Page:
How to Read a Book a Day | Jordan Harry | TEDxBathUniversity



I'd like to introduce you to the person that changed my life in primary school I used to have a speech impediment because I couldn't pronounce the words I couldn't understand them therefore my reading speeds suffered and before I knew it reading was my biggest fear but this woman right here saw that I had a problem and prioritized taking me to speech therapy every week even if that meant she could never take me on a holiday this woman is my mother and here is why I started my 15-year speed-reading journey fast-forward to today I now have a accelerated reading speed of 1500 words per minute which is seven times faster than the average untrained reader I've taught over 2,000 people from over a hundred countries but speed reading isn't this superpower which only the very few of us could have just like any skill it can be learned and it's easy when you know how but first you need an open mindset there is no such thing as a bad reader just those with bad reading habits so once you know what habits are holding your reading speed back it's a lot easier to read faster now the problem is information overload reason is many of us in this room haven't had a class called reading since we were 12 yet every other subjects such as maths and science has progressively gotten harder yet were forced to keep up with this information overload with the reading skills of a 12 year old now the end of today everyone in this room will leave with some of the speed via and techniques that I have learned that will help you read not only faster but more effectively but first let's take a look at those bad habits bad habit number one sub vocalization subvocalization is that little voice in your head that you use from time to time when you read from a young age many of us are taught to read aloud and as we progress we then read inside our heads at least I was studies have shown the average talking speed is 250 words per minute so it's no surprise that the average reading speed is between 200 and 250 words per minute so the average untrained reader can only read as fast as they can talk so if we want to read faster we must start to see the words as opposed to hear them and we do this already picture this when you see a stop sign the words stop are clearly printed we don't read the words stop aloud we understand the meaning of the word therefore we only see it but how do we reduce our vocalization right now we need to distract our brain by be using small distractions so tip number one press the tip of your tongue to the roof of your mouth for two reasons this will stop you mouthing the words as you're reading and it will also create a small distraction for your brain not so large that it will take your mind away from the focus tip number two your environment your environment is key have you ever noticed when you walk into a coffee shop that sometimes you see people working and it's not because of the good caffeine it's because coffee shops have learned to create an environment which is optimum for productivity the environments not too loud where you get distracted what's going on around you nor too quiet where your brain begins to wander the key is to get the brain into a state of relaxation whether that's listen to music without lyrics such as classical music or studying in a spot which is consistent and personable to you the key is consistency bad habit number two regression now by a show of hands who in here's got to the end of a page and for what I just read or even worse the end of a sentence myself included and naturally we go back to the top of the page hoping this time somehow the information goes in but to know that the reason is because the author often has to give context so by the time our eyes have reached the key points were exhausted picture this you're watching a movie and your couple scenes in and it doesn't quite make sense almost like you've missed a couple key scenes and then suddenly it clicks it all makes sense and you understand why the movie was set out the way it was the reason for this is not a lack of understanding but more so a lapse of concentration and one way we can improve our concentration is by becoming an active reader when our brain wanders it's because we've become passive what's one of the most common questions children ask it's why why do we have to do this why do we have to do that we need to be curious to find a good answer we must have good questions so whilst reading have good general questions at the front of your mind such as how long will this take for me to read this what am I looking for and what key figures and words do I need to find tip number two gliding foot gliding you will need to use an object such as a credit card or any piece of object that you can use to cover up the sentence you've just read now the great thing about gliding is it removes your safety net to reread the sentence you've just read meaning you've got to pay attention to the sentence you're leading because you know there's no way you can go back bad habit number three fixations fixations of where your eyes are still on the page now on average an untrained reader has between ten to fifteen fixations read this sentence for me just take your time there's no rush I'm not testing you now to improve the number of vexations that you make the first tip is use a pacer you can either use your hand or your pen to underline the sentence as you're reading now this is set to the average readings of 250 words per minute and the great thing about the Pacer is two things one it maintains of reading speed often when we read we don't realize how fast or slow were reading until it's too late and number two increases and encourages our eyes to read faster because we're forced to read an accelerated way tip number two bouncing now for bouncing you'll need to segment your page into three columns a word of caution please make sure it's your book before you start drawing in it don't do what I did with a library book that was fifty years old because it will cost you 200 pounds of a place an expensive lesson one that of landfill now once you've made the three columns you want to bounce your eyes in the middle word in the first column over to the second one and over to the third one using your peripheral vision to read either words either side so there we have it the three habits holding your reading speed back but it's important to distinguish between reading for need and reading for enjoyment now before I show you the strategy to read a book a day in 2015 I learned something surprising that the average reader can go from reading a book a year to a book a day without the costly tuition because speed reading is a superpower one which you can turn on and off and I'll now show you how step one the front and back cover sounds common sense but it isn't common practice this will give you a good context of what the books about and also the authority that the author has step 2 the table of contents 80% of a book's value can be found on 20% of the pages the 8020 principle your time is precious so you want to be looking for the key points so if it is your book make a note on a table of contents of what chapters stick out to you once you found those chapters you're gonna do your first section of your pre read which is skimming now for skimming you want to take 10 seconds per page simply looking for key subheadings diagrams that stick out to you and I'll explain why and step four the second stage of your pre read scanning now for the scanning you want to spend about 30 seconds per page now going back to those subheadings that caught your eye looking for the keywords and figures now remember the time it's taken an average reader to read this once you would have already gone through this twice you becoming familiar with the content so when you do come to the final stage speed reading using one of the techniques such as bouncing gliding or visual aids such as a pacer you'll be more familiar not only will you read faster but your comprehension will be much greater because you've reviewed and you know what's coming up so there you have it how to read a book a day speed reading is an important skill in today's information overload society and I encourage you if you've learned anything here today about speed reading please pass it on to someone who you feel could benefit from reading faster and more effectively because to teach is to learn twice and what teaching speed reading has allowed me to do is give my mother the holiday she was never able to give me so remember time is precious so wasted wisely you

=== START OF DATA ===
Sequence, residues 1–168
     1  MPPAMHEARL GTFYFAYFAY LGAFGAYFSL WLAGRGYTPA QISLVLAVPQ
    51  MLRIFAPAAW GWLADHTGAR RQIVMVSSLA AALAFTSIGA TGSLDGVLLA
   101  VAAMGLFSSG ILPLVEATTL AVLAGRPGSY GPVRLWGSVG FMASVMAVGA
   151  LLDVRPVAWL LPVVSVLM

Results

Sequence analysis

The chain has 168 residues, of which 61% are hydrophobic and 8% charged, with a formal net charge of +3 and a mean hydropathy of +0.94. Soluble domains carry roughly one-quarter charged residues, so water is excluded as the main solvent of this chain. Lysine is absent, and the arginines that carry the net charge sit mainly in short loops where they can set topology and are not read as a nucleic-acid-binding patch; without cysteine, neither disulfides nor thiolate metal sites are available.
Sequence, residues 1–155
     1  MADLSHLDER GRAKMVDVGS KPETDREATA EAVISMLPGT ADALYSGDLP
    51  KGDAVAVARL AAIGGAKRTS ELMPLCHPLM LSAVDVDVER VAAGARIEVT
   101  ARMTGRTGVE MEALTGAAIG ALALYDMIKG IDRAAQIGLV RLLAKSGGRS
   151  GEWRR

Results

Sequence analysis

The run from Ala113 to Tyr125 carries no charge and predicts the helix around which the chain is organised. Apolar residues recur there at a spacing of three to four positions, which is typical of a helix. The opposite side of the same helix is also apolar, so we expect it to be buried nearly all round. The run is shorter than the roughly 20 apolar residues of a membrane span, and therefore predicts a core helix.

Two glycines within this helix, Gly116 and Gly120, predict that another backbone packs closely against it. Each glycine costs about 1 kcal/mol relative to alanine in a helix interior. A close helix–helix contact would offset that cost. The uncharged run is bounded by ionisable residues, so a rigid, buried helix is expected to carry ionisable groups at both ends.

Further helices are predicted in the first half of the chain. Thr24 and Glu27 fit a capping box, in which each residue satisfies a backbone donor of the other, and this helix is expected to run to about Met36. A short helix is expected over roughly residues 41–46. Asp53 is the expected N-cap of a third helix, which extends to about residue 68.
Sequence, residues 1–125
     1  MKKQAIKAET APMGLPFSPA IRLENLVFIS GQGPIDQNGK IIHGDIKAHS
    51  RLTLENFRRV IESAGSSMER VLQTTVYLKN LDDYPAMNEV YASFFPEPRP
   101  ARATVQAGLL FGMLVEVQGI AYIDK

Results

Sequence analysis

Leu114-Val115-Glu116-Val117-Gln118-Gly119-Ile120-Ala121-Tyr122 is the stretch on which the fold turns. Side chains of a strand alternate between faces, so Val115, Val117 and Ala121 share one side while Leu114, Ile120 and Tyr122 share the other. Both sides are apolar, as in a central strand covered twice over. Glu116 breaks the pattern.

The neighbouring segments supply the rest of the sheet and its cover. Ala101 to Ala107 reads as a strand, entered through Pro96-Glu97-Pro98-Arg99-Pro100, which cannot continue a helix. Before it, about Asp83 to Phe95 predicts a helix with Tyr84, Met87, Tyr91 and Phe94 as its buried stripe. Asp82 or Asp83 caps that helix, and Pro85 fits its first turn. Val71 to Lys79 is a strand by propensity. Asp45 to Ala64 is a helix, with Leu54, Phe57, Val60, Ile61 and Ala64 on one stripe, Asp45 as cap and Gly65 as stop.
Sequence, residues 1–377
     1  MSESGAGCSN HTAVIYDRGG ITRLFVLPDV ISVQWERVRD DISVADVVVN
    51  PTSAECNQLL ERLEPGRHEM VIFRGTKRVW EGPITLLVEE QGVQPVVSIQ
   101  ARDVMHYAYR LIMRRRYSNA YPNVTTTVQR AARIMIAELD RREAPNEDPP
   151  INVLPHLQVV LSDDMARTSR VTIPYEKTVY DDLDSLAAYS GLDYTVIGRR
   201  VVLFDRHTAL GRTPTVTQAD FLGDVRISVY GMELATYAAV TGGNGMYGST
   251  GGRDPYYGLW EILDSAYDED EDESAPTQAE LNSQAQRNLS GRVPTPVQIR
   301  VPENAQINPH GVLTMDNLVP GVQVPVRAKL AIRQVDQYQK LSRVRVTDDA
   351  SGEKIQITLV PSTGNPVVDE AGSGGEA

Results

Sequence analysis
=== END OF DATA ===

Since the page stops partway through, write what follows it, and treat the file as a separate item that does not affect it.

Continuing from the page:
23 thoughts on “How to Read a Book a Day | Jordan Harry | TEDxBathUniversity

  1. Came here to know how to concentrate while reading for long hours, left the video in the middle

  2. I don't think reading a book a day is that effective though. It would most likely mean you have to speed read and you won't be able to fully digest what you've read.

  3. Read is one thing. Understand what are yoy reading is another thing. Completely differente from reading

  4. This is great talk.Thank you so much for this lesson.I have problems with my reading skills these days.I used to great.But this is help me so much,Jordan Herry and Tedx 🙂

  5. You project a really good energy. Congratulations. I love everything involved with reading.

  6. I thought that these techniques were for fiction books and when I heard to skim through the book I was genuinely horrified. I mean, who does want the plot spoiled by skimming the book.

  7. I learned more about how to give a ted talk from this. It was very good and almost cookie-cutter version of a ted talk presentation.

  8. I love to read, i think the is nothing better. But i ahve to be honest when i say i am terrible. I need pretty much perfect quiet and even then for some reason i just cannot ingest some books. I feel very lucky to have been able to get through what are now my most favourite books ever, the kingkiller chronicle. It is weird because if it is a news article i never have any issues. Recently i even tried (after a long time of refusing) audio books. But just found i do not like that.

  9. Recommendations for dividing the pages while reading on a tablet? The idea of drawing on my screen seems like a bad idea : /